We invite participants in the humanities, social sciences, and STEM to join us in exploring questions about the role of liberal arts education in the future of human rights and democracies. How might a human rights lens shift our understanding and teaching of history; movements for justice and liberation; scientific research; business; art, architecture and culture; philosophy; journalism; religion? How might it inform and address the impacts of rising anti-democracy forces on academic freedom, free speech, and campus safety?

We’re also interested in questions around what a human rights lens can offer U.S. movement leaders, policymakers, artists, scientists, and educators when it comes to solving the most pressing issues of our time. And we’re also interested in exploring what human rights education methodologies have to offer faculty and students in a small liberal arts environment in the United States.

Because the human rights framework not only addresses violations but also provides a blueprint for positive action—what we’re working for—it points us toward questions of what’s possible. What would animate a future where everyone’s human rights are realized? What shape might everything from narrative and storytelling, the built environment, science and medicine, arts and culture, international relations, and social movements take in such an imagined future? Could human rights be the basis of a post-liberal democracy future?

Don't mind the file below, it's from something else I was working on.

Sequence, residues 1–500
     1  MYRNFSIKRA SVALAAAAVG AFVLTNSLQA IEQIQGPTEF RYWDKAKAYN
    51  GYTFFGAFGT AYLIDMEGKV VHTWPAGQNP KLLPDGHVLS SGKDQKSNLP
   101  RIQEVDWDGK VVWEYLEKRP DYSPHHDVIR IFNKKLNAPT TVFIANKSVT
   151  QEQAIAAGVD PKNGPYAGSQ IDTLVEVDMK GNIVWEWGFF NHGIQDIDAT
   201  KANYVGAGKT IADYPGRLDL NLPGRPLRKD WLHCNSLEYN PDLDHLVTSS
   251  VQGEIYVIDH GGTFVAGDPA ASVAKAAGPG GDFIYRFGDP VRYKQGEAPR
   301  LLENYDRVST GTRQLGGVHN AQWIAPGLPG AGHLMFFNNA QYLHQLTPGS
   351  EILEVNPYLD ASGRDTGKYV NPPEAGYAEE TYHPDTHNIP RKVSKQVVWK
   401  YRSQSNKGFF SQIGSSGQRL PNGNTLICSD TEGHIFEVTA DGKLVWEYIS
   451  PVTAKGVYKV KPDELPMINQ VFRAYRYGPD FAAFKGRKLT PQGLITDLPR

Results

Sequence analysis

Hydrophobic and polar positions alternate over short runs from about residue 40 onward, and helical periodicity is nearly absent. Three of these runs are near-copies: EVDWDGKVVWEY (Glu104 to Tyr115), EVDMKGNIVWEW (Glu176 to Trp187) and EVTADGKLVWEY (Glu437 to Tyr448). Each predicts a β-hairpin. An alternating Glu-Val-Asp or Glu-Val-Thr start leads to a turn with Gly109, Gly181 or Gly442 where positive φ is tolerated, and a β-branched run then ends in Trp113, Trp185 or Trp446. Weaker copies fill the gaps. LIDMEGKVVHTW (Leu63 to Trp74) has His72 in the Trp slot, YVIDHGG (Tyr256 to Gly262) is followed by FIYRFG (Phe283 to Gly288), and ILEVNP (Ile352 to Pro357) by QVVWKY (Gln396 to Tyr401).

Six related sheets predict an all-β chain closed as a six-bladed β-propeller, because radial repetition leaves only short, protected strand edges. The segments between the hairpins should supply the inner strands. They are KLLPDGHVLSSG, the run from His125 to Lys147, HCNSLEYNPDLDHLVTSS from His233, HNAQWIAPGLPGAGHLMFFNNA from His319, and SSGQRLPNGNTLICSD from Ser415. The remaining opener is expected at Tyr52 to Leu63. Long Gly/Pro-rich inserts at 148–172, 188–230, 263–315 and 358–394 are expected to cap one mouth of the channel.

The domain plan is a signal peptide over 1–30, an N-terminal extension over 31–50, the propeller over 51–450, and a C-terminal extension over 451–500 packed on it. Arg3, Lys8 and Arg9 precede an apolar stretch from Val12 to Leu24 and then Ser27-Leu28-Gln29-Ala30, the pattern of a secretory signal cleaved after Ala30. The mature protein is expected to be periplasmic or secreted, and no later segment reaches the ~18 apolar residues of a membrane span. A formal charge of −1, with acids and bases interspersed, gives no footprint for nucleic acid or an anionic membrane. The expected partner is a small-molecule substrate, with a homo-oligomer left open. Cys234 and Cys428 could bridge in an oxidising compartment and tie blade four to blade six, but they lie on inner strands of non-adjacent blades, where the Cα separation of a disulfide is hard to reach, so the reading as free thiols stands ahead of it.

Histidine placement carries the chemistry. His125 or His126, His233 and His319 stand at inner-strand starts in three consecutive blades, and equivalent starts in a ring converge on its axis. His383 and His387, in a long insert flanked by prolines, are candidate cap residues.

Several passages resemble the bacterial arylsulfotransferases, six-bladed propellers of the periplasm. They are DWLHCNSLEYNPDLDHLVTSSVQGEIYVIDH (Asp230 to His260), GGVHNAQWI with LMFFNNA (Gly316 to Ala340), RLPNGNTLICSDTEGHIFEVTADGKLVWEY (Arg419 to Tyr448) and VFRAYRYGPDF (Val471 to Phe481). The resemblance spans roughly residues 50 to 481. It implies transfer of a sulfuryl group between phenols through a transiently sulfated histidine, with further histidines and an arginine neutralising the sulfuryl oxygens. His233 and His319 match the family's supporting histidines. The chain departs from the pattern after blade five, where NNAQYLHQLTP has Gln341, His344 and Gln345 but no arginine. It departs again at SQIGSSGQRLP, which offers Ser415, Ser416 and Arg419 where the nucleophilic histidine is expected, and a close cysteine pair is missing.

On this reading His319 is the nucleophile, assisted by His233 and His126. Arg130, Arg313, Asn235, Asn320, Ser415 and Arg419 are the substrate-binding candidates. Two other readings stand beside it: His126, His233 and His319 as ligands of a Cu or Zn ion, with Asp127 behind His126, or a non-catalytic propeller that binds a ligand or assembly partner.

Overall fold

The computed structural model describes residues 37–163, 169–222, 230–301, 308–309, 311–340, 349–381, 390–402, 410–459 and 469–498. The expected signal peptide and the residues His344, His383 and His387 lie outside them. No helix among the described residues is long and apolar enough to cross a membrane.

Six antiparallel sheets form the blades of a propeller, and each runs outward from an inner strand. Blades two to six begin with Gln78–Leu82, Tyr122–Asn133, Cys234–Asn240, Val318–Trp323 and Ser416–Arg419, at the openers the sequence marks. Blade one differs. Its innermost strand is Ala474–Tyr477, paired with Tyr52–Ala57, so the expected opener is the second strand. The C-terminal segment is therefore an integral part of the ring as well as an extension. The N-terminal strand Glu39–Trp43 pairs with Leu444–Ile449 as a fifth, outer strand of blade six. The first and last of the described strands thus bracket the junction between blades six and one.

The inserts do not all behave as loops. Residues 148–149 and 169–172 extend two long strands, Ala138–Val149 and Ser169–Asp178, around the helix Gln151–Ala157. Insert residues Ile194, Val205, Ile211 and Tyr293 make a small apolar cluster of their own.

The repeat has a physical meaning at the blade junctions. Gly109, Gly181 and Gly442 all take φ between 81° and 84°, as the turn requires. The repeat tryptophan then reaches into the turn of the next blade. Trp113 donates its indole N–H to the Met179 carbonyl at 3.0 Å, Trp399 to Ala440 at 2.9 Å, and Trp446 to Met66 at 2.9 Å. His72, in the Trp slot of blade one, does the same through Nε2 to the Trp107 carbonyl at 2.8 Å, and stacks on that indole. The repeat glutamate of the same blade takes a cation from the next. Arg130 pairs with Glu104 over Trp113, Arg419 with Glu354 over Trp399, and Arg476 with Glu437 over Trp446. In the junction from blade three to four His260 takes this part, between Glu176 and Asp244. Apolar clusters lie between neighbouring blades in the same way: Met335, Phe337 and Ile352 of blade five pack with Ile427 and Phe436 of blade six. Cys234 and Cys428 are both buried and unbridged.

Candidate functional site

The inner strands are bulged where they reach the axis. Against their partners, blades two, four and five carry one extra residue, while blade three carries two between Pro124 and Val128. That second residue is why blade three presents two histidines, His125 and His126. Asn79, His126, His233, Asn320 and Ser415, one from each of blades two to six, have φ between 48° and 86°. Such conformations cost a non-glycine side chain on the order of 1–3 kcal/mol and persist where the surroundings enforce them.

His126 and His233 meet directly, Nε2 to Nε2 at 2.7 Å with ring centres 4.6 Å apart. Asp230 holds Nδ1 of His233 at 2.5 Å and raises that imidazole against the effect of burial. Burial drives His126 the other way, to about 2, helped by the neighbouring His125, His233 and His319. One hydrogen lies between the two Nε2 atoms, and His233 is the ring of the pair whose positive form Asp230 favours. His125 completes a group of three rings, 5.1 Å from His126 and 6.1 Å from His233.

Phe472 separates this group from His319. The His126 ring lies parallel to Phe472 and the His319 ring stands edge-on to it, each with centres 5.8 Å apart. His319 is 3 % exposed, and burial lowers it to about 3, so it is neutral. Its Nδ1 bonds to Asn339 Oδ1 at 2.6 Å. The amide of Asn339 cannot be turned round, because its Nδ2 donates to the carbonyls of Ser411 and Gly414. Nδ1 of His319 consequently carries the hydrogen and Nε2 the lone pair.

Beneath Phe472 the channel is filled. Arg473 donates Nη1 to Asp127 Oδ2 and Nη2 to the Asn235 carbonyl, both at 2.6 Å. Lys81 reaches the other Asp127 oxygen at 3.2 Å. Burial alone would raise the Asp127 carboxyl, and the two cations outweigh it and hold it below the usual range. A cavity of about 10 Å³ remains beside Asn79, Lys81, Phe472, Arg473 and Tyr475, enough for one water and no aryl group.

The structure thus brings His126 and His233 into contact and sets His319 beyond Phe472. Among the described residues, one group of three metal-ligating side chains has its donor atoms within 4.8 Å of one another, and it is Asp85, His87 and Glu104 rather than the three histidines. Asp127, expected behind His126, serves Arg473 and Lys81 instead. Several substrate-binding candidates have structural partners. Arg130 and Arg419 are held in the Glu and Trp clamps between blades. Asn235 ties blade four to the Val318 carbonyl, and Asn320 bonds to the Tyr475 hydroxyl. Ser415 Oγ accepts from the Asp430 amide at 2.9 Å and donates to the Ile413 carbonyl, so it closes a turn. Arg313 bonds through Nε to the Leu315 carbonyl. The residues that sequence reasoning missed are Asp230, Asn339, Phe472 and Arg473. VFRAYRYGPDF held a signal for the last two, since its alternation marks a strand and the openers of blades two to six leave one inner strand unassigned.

In considering all of these questions, we will address a full spectrum of civil, political, economic, social, and cultural rights as well as community and group rights. Through this year-long project we aim to lay the foundation for an Institute for Human Rights and Democracy at Smith. 

Project Fellows & Research Statements

Kuukuwa Andam, African Studies (Fall 2023)
Andam’s research focuses on the intersections between religion, women, and human rights in Africa. She will analyze the following questions: What are the lived experiences of African women in religious spaces, particularly, those in positions of leadership? What current human rights issues do African women face and to what extent do these issues intersect with religion? 

Shannon AudleyEducation and Child Study
“Education is more than what we teach; it is how we treat each other,” Audley explains. As a developmental educational psychologist and a teacher-educator, she will be investigating how a liberal arts education reflects and builds upon a human rights framework. Her research focuses on (dis)respect in human relations, amongst children, and in student-teacher relations.

Şebnem BaranFilm and Media Studies